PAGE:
172. https://www.nature.com/articles/s41467-018-05510-z

  173. ⁠, Chloe Fawns-Ritchie, Ian J. Deary (2019-07-15):

    UK Biobank is a health resource with data from over 500,000 adults. The participants have been assessed on cognitive function since baseline. The cognitive tests in UK Biobank are brief and bespoke, and are administered without supervision on a touchscreen computer. Psychometric information on the tests is limited. The present study examined their concurrent validity and short-term test-retest reliability. A sample of 160 participants (mean age = 62.59, SD = 10.24) completed the UK Biobank cognitive assessment and a range of well-validated cognitive tests (‘reference tests’). Fifty-two participants returned 4 weeks later to repeat the UK Biobank tests. Correlations were calculated between UK Biobank tests and the reference tests. Four-week test-retest correlations were calculated for UK Biobank tests. UK Biobank cognitive tests showed a range of correlations with their respective reference tests, i.e. those tests that are thought to assess the same underlying cognitive ability (mean Pearson r = 0.53, range = 0.22 to 0.83, p≤.005). Four-week test-retest reliability of the UK Biobank tests were moderate-to-high (mean Pearson r = 0.55, range = 0.40 to 0.89, p≤.003). Despite the brief, non-standard nature of the UK Biobank cognitive tests, some showed substantial concurrent validity and test-retest reliability. These psychometric results provide currently-lacking information on the validity of the UK Biobank cognitive tests.

  174. Research-criticism

  175. ⁠, Bulik-Sullivan, Brendan K. Loh, Po-Ru Finucane, Hilary K. Ripke, Stephan Yang, Jian Patterson, Nick Daly, Mark J. Price, Alkes L. Neale, Benjamin M (2015):

    Both polygenicity (many small genetic effects) and confounding biases, such as cryptic relatedness and population stratification, can yield an inflated distribution of test statistics in genome-wide association studies (GWAS). However, current methods cannot distinguish between inflation from a true polygenic signal and bias. We have developed an approach, LD Score regression, that quantifies the contribution of each by examining the relationship between test statistics and linkage disequilibrium (LD). The LD Score regression intercept can be used to estimate a more powerful and accurate correction factor than genomic control. We find strong evidence that polygenicity accounts for the majority of the inflation in test statistics in many GWAS of large sample size.

  176. ⁠, James J. Lee, Carson C. Chow (2017-12-30):

    In order to infer that a single-nucleotide polymorphism (SNP) either affects a phenotype or is linkage disequilibrium with a causal site, we must have some assurance that any SNP-phenotype correlation is not the result of confounding with some environmental variable that also affects the trait. Here we provide a mathematical analysis of LD Score regression, a recently developed method for using summary statistics from genome-wide association studies (GWAS) to ensure that confounding does not inflate the number of false positives. We do not treat the effects of genetic variation as a random variable and thus are able to obtain results about the unbiasedness of this method. We demonstrate that LD Score regression can produce estimates of confounding at null SNPs that are nearly unbiased or overly conservative under fairly general conditions. This robustness can hold even in cases now thought to be unfavorable, such as a correlation over SNPs between LD Scores and the degree of confounding. LD Score regression is thus an even stronger technique for causal inference than foreseen by its developers. Additionally, we demonstrate that LD Score regression can produce unbiased estimates of the genetic correlation, even when its estimates of the genetic covariance and the two univariate heritabilities are substantially biased.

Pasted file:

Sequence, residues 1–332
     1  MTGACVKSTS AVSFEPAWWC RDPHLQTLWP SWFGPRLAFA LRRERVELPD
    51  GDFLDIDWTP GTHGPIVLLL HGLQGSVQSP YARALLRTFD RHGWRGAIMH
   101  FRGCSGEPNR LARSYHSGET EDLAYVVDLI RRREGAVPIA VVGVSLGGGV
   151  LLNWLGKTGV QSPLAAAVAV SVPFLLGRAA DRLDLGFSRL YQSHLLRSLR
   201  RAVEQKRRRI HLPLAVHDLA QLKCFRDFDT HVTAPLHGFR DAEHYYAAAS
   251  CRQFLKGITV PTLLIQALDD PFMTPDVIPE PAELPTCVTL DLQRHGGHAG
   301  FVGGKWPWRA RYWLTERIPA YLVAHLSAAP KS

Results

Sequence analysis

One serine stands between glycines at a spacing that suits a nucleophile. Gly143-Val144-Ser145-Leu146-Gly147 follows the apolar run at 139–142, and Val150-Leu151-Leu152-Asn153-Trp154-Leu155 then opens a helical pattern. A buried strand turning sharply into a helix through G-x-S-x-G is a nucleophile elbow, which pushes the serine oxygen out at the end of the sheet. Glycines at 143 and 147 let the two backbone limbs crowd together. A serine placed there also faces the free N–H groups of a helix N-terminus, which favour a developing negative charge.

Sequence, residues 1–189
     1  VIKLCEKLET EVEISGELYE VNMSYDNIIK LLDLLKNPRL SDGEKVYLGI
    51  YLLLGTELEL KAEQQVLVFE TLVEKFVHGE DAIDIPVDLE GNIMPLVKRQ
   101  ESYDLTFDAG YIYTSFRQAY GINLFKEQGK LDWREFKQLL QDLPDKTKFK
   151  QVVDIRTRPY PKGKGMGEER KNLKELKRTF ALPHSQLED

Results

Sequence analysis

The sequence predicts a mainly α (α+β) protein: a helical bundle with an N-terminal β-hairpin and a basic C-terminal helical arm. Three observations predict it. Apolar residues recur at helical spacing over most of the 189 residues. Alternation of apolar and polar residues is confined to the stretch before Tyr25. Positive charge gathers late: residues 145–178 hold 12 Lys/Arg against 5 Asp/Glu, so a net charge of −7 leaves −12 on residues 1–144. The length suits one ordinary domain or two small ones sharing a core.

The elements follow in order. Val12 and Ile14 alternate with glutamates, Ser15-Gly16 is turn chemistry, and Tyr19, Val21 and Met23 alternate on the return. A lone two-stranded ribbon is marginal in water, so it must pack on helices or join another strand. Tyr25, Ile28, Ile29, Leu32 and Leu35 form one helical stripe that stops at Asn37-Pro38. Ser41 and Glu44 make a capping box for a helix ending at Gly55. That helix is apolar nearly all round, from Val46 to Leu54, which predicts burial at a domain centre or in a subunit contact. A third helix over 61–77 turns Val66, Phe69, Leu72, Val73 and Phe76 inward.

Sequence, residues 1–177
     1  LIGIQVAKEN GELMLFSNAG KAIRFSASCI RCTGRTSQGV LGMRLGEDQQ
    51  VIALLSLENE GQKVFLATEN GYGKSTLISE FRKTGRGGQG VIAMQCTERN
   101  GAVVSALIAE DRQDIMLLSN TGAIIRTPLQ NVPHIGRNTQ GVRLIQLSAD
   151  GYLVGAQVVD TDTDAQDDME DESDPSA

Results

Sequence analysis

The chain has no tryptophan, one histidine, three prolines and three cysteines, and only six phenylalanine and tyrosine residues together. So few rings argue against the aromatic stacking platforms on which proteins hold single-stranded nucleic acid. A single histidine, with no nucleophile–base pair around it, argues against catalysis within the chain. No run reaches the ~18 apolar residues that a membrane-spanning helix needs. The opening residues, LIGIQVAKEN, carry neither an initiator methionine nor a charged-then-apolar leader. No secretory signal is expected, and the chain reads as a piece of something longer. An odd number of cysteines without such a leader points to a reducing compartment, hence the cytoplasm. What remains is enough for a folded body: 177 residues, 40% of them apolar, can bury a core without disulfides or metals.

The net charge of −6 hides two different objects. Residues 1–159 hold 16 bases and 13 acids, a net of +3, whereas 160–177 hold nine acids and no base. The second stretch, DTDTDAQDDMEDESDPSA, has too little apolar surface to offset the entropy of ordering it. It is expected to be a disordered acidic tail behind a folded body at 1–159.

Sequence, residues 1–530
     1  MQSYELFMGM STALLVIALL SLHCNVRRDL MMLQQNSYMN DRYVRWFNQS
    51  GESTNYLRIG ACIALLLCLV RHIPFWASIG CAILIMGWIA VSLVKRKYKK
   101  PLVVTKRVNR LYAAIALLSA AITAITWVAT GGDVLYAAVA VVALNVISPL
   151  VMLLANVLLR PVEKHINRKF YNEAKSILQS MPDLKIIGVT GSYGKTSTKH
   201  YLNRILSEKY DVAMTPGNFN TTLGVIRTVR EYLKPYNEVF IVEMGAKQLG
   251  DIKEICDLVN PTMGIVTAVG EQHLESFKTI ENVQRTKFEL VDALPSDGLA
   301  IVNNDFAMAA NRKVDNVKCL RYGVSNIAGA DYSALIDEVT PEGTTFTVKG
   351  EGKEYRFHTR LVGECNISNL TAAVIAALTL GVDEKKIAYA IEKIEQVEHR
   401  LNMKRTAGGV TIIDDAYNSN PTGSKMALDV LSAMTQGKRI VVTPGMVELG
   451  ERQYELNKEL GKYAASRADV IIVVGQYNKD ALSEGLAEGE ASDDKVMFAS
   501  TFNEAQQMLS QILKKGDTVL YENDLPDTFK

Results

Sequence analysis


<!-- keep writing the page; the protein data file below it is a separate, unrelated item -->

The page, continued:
177. 2016-belsky.pdf: ⁠, Daniel W. Belsky, Terrie E. Moffitt, David L. Corcoran, Benjamin Domingue, HonaLee Harrington, Sean Hogan, Renate Houts, Sandhya Ramrakha, Karen Sugden, Benjamin S. Williams, Richie Poulton, Avshalom Caspi (2016-06-01; genetics  /​ ​​ ​correlation):

    A previous genome-wide association study (GWAS) of more than 100,000 individuals identified molecular-genetic predictors of educational attainment.

    We undertook in-depth life-course investigation of the polygenic score derived from this GWAS using the 4-decade Dunedin Study (N = 918). There were 5 main findings.

    1. polygenic scores predicted adult economic outcomes even after accounting for educational attainments.
    2. genes and environments were correlated: Children with higher polygenic scores were born into better-off homes.
    3. children’s polygenic scores predicted their adult outcomes even when analyses accounted for their social-class origins; social-mobility analysis showed that children with higher polygenic scores were more upwardly mobile than children with lower scores.
    4. polygenic scores predicted behavior across the life course, from early acquisition of speech and reading skills through geographic mobility and mate choice and on to financial planning for retirement.
    5. polygenic-score associations were mediated by psychological characteristics, including intelligence, self-control, and interpersonal skill. Effect sizes were small.

    Factors connecting GWAS sequence with life outcomes may provide targets for interventions to promote population-wide positive development.

    [Keywords: genetics, behavior genetics, intelligence, personality, adult development]

  178. {#linkBibliography-palmer-pe’er-2017 .docMetadata doi=“10.1371/​​journal.pgen.1006916”}, Cameron Palmer, Itsik Pe’er (2017-07-10):

    Genome-wide association studies (GWAS) have identified hundreds of SNPs responsible for variation in human quantitative traits. However, genome-wide-significant associations often fail to replicate across independent cohorts, in apparent inconsistency with their apparent strong effects in discovery cohorts. This limited success of replication raises pervasive questions about the utility of the GWAS field.